Richmond's Pulse BRT, Environmental Assessment, Policy Advisory Committee meeting on November 21

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November 15, 2019

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Rush Line leaders, community members learn from Richmond's BRT success

Group of visitors from the East Metro on a Pulse BRT platform in Richmond, Virginia

Community members, elected officials and staff involved in the Rush Line BRT Project study the design of a Pulse BRT station in Richmond, Virginia.

In October, representatives from the Rush Line BRT Project Policy, Technical and Community Advisory Committees, along with partner agencies and Rush Line BRT Project staff, participated in a tour of Richmond, Virginia's Pulse BRT line. The Pulse is a 7.6-mile BRT route with 14 stations connecting residential areas, healthcare providers and downtown businesses that opened for service in 2018. Ridership on the Pulse is approximately 7,000 rides a day, nearly double the project's initial ridership target.

The goal of the tour was to experience a dedicated guideway BRT route similar to the planned Rush Line BRT Project, meet officials from local agencies involved in the Pulse BRT project, as well as community members and business representatives along the corridor, and gather lessons learned about BRT project development, which can be applied to Rush Line decision-making.

Over the course of two days, the group met with representatives from the Greater Richmond Transit Company, Virginia Department of Rail and Public Transportation, Virginia Department of Transportation, City of Richmond, Henrico County, Virginia Commonweath University and local businesses and community organizations. Attendees learned pertinent and valuable information by riding the Pulse BRT, listening to project staff presentations and participating in panel discussions. A summary of information shared throughout the two days of activities will be available soon on

"Share Your Thoughts" campaign underway

Photo of a bus shelter with a Rush Line banner that says "Share your thoughts on Rush Line BRT"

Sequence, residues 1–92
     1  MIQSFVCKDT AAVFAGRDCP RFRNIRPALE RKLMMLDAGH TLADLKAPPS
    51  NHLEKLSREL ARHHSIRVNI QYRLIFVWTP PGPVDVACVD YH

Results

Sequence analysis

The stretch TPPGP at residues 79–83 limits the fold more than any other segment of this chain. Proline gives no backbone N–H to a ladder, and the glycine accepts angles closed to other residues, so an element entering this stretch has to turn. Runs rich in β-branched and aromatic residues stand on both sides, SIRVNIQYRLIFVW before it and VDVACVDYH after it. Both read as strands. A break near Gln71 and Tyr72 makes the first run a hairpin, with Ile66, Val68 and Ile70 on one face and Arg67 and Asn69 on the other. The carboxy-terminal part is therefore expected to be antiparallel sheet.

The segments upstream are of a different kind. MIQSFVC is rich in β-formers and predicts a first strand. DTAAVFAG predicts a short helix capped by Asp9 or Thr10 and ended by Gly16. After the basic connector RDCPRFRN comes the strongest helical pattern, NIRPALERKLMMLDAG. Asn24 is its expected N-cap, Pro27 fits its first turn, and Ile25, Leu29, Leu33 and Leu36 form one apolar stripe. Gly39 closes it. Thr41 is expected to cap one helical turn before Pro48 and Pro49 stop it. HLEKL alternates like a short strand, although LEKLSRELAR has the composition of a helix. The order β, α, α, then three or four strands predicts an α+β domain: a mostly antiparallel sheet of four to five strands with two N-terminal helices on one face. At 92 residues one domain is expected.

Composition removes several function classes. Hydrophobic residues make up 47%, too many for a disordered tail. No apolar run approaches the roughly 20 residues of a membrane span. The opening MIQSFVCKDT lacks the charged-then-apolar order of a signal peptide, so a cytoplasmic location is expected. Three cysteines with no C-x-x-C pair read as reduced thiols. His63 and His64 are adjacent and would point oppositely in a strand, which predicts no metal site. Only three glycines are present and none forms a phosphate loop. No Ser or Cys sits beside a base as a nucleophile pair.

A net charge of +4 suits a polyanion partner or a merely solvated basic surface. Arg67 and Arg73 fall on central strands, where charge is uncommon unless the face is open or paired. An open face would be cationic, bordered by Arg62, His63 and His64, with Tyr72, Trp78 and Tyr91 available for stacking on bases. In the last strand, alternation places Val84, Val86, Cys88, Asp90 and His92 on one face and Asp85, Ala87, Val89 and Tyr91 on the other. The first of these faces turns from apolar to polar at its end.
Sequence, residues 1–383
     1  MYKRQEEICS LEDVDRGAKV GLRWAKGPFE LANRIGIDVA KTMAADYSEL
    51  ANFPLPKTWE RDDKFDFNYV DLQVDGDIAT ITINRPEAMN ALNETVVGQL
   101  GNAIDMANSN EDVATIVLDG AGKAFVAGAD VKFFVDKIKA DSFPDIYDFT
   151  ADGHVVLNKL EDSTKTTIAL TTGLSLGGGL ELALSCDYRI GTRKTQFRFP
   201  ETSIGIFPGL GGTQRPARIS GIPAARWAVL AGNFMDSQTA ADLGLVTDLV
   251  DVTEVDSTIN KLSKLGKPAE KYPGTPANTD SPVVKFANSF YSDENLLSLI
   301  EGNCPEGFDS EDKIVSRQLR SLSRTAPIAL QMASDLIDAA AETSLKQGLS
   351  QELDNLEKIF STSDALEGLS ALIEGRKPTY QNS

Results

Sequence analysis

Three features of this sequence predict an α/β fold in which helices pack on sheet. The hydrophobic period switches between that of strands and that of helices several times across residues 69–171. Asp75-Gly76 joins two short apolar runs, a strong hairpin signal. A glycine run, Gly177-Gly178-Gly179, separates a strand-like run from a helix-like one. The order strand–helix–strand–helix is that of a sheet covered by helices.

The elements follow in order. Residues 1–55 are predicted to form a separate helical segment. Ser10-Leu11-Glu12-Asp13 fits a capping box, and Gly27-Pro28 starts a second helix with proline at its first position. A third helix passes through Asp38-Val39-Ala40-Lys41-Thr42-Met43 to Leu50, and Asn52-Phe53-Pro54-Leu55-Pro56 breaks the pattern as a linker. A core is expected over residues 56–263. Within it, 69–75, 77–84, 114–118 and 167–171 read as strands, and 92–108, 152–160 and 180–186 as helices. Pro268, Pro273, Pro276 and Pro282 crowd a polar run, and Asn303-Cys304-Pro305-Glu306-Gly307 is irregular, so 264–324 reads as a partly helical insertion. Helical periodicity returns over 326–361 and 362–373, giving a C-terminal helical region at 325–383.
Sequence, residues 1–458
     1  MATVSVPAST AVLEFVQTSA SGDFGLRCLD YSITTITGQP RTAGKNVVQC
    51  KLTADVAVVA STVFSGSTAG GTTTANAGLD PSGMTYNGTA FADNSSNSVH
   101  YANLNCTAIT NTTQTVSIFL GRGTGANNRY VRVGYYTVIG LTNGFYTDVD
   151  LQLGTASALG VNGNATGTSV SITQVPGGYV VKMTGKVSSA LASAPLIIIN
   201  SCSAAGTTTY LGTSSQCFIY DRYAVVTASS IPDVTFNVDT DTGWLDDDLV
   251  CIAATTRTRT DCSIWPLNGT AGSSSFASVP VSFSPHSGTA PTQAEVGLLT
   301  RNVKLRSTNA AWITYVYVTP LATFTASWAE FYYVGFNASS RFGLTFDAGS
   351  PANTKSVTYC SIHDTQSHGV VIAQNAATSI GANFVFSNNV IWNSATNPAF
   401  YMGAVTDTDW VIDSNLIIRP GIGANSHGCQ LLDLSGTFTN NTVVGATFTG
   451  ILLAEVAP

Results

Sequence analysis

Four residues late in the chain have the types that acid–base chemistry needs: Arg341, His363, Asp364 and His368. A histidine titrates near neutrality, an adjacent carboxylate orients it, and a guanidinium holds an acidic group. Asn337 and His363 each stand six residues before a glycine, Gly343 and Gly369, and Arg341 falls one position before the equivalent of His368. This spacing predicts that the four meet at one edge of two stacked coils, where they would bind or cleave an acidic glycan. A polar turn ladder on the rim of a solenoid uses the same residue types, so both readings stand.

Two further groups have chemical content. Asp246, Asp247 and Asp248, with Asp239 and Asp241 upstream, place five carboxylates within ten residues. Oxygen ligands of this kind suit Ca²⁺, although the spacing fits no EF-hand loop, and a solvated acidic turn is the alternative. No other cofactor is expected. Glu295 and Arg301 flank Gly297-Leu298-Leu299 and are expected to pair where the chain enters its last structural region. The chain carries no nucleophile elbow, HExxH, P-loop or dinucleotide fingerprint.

East Metro residents, workers, visitors and other stakeholders are being invited to share their thoughts and learn more about the Rush Line through an outreach campaign.

Through the end of the year, multilingual advertisements in community newspapers, at transit stops, on billboards and social media will promote visiting to provide the project team with feedback about the project.

New resources to learn about the project at include a video overview and updated program materials in multiple languages.

Feedback can be provided on an online map, through email or over the phone and will be incorporated – as with all other community engagement efforts – into project planning.

We look forward to hearing from you!

METRO Gold Line releases Environmental Assessment

Rush Line Environmental Assessment is underway

Gold Line route map

Map of the METRO Gold Line's route between Saint Paul and Woodbury.

Like the Rush Line BRT, the METRO Gold Line is a new planned BRT line in the East Metro. The METRO Gold Line will connect Saint Paul, Maplewood, Landfall, Oakdale and Woodbury with bus-only lanes generally north of and near Interstate 94.

This fall, the METRO Gold Line project reached a key milestone by releasing its Environmental Assessment. An Environmental Assessment is an analysis required by state and federal law that evaluates potential environmental, social, economic and transportation benefits and impacts from the project’s construction and operations. An Environmental Assessment considers a wide variety of possible impacts the project could have on the neighborhoods and communities it serves. Some of the topics covered include connection to community and social resources, impacts on the environment, historic properties and even indirect effects and long-term impacts.

You can read the Gold Line's Environmental Assessment on the Gold Line project's website.

An Environmental Assessment for the Rush Line BRT Project is currently under development and is expected to be published for public comment in about a year.

Policy Advisory Committee to meet November 21

The Policy Advisory Committee for the Rush Line BRT Project will meet on Thursday, November 21 at 2:30 p.m. at the Maplewood Community Center. The agenda includes updates about project engineering, public engagement and the Design Guide for the Ramsey County rail right-of-way. The Rush Line Corridor Task Force will meet at 4:30 p.m., following the Policy Advisory Committee. Both meetings are open to the public.